Ropsten has successfully completed its merge

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Ethereum’s Ropsten testnet has merged its proof-of-work blockchain with its proof-of-stake beacon chain, which was the first test of its kind and a major milestone on the journey to Ethereum 2.0. More test merges are expected on other testnets in the coming months.

Developers haven’t announced yet when the merge will happen on mainnet with Ethereum Foundation member Tim Biko Hope This is to happen between August and November, depending on how many bugs are found and their severity. Currently, the proof-of-stake beacon chain runs parallel to the proof-of-work chain on Ethereum’s mainnet.

The merge is a part of the highly anticipated transition of the Ethereum blockchain from the energy-intensive proof-of-work consensus mechanism to proof-of-stake.

It is worth noting that the merge will not increase the transaction throughput of the network, so transaction fees are expected to remain high given the same amount of network activity. An on-chain scaling solution known as “sharding” has been pushed back to 2023 to ensure developers have enough time to properly test the transition to PoS.

Ethereum developers have also decided to delay the so-called ‘difficulty bomb’ – an exponential increase of mining difficulty that aims to encourage the transition away from proof-of-work consensus mechanisms.

Charles Hoskinson, co-founder of Ethereum and founder of Cardano, recently Said The earliest deadline for the launch of Ethereum 2.0 is 2023, which may be delayed to 2024.


TerraForm Labs has been ordered to comply with the SEC investigation

The US Court of Appeals for the Second Circuit ruled that Terraform and its CEO Do Kwon must comply with US SEC subpoenas related to Mirror Protocol.

The South Korean entrepreneur was served with a paper subpoena by the US financial watchdog last September for attending Messari’s mainnet conference in New York City. In response, Du Kwon appealed the motion in New York District Court, arguing that the SEC broke its own rules when it was served the summons and that the agency lacked jurisdiction over Singapore-based TerraForm Labs.

The court overturned these arguments, pointing out that 15% of Mirror Protocol’s users were located in the US, Terraform Labs had US employees and the company entered into agreements with US-based entities, which gave the SEC substantial jurisdiction. Did.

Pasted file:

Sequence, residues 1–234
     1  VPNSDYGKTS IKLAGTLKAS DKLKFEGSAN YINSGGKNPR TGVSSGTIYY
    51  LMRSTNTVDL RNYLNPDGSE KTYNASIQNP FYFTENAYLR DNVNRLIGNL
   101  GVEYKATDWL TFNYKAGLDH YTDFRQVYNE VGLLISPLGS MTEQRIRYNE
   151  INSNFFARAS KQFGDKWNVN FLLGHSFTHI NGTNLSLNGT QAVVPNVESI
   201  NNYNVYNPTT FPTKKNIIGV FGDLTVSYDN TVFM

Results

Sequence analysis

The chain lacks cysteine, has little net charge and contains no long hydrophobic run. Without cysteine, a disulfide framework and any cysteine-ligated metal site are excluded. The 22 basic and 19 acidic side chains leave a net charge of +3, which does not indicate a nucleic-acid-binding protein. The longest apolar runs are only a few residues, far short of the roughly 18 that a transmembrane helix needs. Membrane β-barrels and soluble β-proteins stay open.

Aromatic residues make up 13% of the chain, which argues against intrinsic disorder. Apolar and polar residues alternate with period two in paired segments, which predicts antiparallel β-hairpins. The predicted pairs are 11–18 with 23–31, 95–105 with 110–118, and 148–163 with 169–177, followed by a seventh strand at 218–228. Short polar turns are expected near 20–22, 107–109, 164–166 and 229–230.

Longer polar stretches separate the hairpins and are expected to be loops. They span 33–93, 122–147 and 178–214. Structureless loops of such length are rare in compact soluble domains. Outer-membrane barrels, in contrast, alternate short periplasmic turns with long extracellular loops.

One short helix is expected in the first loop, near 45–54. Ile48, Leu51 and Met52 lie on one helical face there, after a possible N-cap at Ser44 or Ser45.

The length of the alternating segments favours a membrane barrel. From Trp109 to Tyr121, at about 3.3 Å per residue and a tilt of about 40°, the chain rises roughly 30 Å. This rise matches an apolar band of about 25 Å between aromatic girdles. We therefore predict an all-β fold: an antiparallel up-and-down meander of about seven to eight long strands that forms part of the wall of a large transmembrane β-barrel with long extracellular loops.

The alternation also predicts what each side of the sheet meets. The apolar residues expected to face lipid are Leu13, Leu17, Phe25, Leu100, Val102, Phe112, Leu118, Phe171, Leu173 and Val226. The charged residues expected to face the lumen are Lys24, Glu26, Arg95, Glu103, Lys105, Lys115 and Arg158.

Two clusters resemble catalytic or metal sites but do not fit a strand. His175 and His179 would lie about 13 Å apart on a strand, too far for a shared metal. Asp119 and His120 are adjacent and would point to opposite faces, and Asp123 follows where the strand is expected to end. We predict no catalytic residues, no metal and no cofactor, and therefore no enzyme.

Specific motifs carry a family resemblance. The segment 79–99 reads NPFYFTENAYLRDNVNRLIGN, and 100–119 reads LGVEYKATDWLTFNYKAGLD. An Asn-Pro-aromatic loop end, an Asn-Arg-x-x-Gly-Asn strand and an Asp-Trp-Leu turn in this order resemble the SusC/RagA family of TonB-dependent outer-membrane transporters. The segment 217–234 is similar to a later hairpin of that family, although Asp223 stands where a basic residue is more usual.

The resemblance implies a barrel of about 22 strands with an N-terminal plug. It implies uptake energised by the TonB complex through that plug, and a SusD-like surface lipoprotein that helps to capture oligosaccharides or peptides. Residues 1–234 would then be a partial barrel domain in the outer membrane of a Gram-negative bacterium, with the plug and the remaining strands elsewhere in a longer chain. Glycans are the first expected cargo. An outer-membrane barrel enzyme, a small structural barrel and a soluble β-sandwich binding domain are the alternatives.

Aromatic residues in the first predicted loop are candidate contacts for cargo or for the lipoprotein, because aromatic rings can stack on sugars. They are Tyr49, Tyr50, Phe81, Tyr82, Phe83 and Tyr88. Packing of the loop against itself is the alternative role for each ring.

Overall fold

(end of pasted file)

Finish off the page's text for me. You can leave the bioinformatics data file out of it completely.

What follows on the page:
Mirror Protocol allows its users to buy synthetic assets that track the price of popular stocks such as Tesla and Amazon.

The lawsuit is not related to the recent collapse of TerraUSD (UST), in which the algorithmic stablecoin lost its peg and its related token Luna experienced a death spiral.

Following the collapse of LUNA, Terra founder Do Kwon has been involved in several controversies, ranging from siphoning off billions in cash from LUNA to allegations of favoring regime proposals with a secret wallet. Kwon denied the allegations.

in other news

Centralized crypto lending platform Celsius with 1.7 million users has halted withdrawals, swaps and transfers between accounts amid the crypto market crash. Celsius promises its customers annualized returns of up to 9.32% on fiat-backed centralized stable coins. The company has placed clients’ funds in various DeFi protocols to earn yields. Rival lending platform Nexo has offered to buy Celsius’ qualifying assets.

Following the activation of the long-awaited MimbleWimble Extension Block (MWEB) upgrade, South Korean exchanges Upbit and Bithumb announced the delisting of Litecoin (LTC), as its new privacy features violate the country’s anti-money laundering (AML) regulations. are contradictory. Binance did not delist LTC, but warned users that it will not support Litecoin trading with the MWEB function.

An attacker was able to steal 20 million OP tokens – worth around $20 million – thanks to a mistake made by trading firm Wintermute, which had received a loan of $20 million in OP from the Optimism Foundation. Wintermute acknowledged its mistake and committed to buy back the tokens sold by the exploiter. A few days later, the hackers returned 90% of the stolen tokens, keeping 2 million OP as a reward.

The Baltic nation of Lithuania is moving to ban all anonymous – also known as self-custody or non-custody – crypto wallets. The draft law has yet to be approved by Parliament.


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